Pioneering Writer Ntozake Shange Dies at 70


Award-winning playwright and poet Ntozake Shange died Saturday.

Shange’s family made a statement on Twitter, saying the playwright passed away peacefully in her sleep.


Shange was perhaps best known for “for colored girls who have considered suicide / when the rainbow is enuf,” a series of poetic monologues that tell the stories of seven women who have suffered oppression. In a 1995 interview in Mother Jones, she said “I write for young girls of color, for girls who don’t even exist yet, so that there is something there for them when they arrive.”

The playwright was no stranger to New York Public Radio. In a conversation with host Terrance McKnight in 2010, Shange said for colored girls still has meaning for women more than 35 years later.

“It’s still very relevant,” she said. “It’s more relevant than it was in the 70s.”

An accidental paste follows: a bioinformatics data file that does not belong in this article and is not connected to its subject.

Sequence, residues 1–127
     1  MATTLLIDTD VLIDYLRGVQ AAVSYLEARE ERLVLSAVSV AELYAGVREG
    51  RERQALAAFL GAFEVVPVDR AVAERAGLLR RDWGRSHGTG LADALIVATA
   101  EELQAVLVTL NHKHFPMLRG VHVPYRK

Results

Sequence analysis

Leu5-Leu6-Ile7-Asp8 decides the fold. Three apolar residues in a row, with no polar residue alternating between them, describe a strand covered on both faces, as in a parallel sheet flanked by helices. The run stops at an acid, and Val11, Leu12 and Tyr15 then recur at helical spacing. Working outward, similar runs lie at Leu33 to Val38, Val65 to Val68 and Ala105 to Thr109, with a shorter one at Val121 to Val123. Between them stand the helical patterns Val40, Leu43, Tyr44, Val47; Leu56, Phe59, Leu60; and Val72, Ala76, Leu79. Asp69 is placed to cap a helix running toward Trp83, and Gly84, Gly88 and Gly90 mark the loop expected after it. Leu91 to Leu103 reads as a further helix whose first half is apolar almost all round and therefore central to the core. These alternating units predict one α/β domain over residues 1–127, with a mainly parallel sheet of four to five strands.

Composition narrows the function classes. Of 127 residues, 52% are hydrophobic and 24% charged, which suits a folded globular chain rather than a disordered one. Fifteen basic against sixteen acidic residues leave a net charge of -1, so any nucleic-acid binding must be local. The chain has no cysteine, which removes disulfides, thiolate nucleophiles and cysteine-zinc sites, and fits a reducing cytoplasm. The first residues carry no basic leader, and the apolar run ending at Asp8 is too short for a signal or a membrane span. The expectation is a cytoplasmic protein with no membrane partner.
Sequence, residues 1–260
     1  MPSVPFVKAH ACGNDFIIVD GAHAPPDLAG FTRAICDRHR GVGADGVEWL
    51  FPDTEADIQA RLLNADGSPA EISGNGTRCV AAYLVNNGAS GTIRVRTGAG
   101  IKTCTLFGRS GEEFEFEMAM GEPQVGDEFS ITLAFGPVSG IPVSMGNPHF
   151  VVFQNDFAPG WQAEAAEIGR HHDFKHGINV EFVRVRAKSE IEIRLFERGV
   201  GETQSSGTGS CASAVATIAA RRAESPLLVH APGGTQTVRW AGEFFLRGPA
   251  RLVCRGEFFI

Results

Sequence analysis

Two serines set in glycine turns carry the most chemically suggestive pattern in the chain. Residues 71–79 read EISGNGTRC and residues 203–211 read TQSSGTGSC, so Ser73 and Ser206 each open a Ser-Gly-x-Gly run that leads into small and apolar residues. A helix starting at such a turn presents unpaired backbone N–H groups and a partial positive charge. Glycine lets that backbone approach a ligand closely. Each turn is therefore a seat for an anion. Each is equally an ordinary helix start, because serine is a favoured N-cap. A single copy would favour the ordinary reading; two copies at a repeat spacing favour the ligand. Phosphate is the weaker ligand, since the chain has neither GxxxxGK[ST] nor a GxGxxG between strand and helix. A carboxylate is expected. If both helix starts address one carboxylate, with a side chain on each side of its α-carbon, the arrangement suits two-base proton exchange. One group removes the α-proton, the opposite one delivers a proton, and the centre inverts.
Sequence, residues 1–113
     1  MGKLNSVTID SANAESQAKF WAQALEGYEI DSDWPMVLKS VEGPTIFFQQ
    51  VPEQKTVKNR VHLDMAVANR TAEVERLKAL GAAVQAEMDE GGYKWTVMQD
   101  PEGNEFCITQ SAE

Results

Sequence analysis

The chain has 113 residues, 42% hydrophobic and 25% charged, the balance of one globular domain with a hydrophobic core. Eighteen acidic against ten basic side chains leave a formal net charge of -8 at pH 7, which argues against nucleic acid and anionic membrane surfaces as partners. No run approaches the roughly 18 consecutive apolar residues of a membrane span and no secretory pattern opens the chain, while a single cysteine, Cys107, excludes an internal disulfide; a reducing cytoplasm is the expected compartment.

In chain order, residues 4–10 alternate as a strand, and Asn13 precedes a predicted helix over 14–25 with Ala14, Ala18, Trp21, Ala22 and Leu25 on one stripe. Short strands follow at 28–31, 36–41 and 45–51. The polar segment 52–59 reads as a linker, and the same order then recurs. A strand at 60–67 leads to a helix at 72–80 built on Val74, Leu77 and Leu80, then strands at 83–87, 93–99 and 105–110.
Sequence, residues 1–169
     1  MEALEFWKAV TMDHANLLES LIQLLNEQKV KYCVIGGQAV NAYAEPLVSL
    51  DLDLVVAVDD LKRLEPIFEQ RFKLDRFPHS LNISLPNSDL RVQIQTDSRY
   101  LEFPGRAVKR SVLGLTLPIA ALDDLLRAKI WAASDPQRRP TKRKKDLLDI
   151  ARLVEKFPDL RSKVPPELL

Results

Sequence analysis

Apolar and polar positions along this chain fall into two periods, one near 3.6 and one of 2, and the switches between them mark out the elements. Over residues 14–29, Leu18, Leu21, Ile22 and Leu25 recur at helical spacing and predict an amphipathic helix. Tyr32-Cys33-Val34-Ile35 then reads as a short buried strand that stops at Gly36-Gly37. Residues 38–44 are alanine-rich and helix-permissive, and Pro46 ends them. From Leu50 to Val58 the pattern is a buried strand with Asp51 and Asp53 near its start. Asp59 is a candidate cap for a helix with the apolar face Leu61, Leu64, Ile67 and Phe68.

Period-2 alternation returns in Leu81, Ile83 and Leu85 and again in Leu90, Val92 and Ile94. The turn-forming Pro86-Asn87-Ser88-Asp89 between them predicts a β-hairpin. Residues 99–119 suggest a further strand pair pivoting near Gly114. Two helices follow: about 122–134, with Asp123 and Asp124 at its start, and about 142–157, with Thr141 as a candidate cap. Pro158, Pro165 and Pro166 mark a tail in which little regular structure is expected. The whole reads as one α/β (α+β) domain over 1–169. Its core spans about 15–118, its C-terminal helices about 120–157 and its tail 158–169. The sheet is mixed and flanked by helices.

In a New York Public Library event produced by WNYC in 1988, Shange talked about her inspiration as a storyteller. She recounted a childhood heavily influenced by her family in New York.

“My family moved around a lot, so I don’t have any friends that I had all my life,” she said. “But I did have annual trips back to Queens.”

It was on those trips, Shange said, that her family would gather and eat food and tell stories until dawn.

“These stories would go on until eight or nine in the morning, and that’s how I was raised,” she said.

Shange was 70 years old. Her family said information on memorial services will be released at a later date.

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